Pharmaceutical costs have been a point of stress for those in need of prescription drugs since the rise of the industry. This is an issue that leaves many in need out of luck when it comes to getting their medication. What isn’t understood is why the price of medicine is so high. However, there are proposals aimed at helping consumers by offering discount medication plans that could be the antiseptic to the industry sore.
Understanding the Industry
The process of developing a new drug has four basic steps. First, the research is funded, and once the formula has proven effective, a patent is filed. Next, the drug is manufactured and then, finally, marketed. Of these four steps, research and marketing are by far the most costly.
To understand the process, consider an example. In order for a pharmaceutical company to create a formula that effectively reduces pain related to heart disease, they have to spend millions on the first step. As a result, they cannot sell their formula at a low price and turn a profit. The price must be raised, and more pills must be sold, to clear a profit, so marketing is put in place to strengthen sales. However, the marketing costs, in turn, raise the price of the medication. Our heart pills have become justifiably expensive.
Fortunately, there are programs in several states that offer free discount medicine cards without undercutting the profits of the producer. By making deals with drug stores, these RX cards are opening doors for low-income or debt-burdened patients.
The End of the Patent Era
When the aforementioned pain relief pill hit the market, it did so under patent, a costly but legally binding ownership contract. The pharmaceutical owns the formula, meaning that other companies could not use the formula to compete with the patent-holder. Unfortunately for the pharmaceutical industry, patents expire. When they do, off-brand or “generic” discount medicine hits the market at dramatically lower prices, which effectively cuts the original company out of the market.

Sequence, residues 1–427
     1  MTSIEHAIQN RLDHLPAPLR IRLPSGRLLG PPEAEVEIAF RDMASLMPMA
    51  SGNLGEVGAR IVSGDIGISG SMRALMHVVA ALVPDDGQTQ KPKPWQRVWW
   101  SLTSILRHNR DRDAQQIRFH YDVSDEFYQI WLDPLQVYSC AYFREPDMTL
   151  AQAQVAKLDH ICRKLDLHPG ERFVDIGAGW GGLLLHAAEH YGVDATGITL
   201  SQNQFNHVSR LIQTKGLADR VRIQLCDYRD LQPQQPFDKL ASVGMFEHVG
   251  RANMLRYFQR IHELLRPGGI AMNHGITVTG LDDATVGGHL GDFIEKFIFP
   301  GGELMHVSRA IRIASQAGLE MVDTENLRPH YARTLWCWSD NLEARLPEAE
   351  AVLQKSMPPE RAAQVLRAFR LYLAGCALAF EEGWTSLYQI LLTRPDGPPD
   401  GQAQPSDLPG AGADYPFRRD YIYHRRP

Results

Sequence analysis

In fact, the pharmaceutical industry decided back in the 1990s that new formulas are too expensive. Money was no longer dedicated to making new patents, and in recent years, these patents have run out. This creates a struggle for the industry, but its consequences are not entirely negative.
Good New and Bad News
For the consumer, generic discount medicine is a great side effect of a patent expiration. The downside, however, is that the industry will likely react as it typically has, by raising prices on newer, protected medication in order to make up for the loss. This, too, has been addressed by third party groups seeking to bring better prices to patients in need. A kind of pattern has formed: as the market continues to change, so too will these groups continue to find new ways to provide the needed discounts.